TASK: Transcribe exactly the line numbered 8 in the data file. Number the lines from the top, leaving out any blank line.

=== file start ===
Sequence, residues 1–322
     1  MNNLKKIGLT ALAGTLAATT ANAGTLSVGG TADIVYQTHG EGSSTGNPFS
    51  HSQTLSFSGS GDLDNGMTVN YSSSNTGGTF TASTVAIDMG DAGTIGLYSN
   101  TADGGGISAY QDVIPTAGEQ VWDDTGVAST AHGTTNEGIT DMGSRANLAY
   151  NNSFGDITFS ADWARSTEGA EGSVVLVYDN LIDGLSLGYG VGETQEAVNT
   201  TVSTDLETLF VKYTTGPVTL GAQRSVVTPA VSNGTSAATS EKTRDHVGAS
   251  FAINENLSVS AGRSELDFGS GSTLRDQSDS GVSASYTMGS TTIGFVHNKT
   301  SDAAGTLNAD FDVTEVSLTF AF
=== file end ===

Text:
   301  SDAAGTLNAD FDVTEVSLTF AF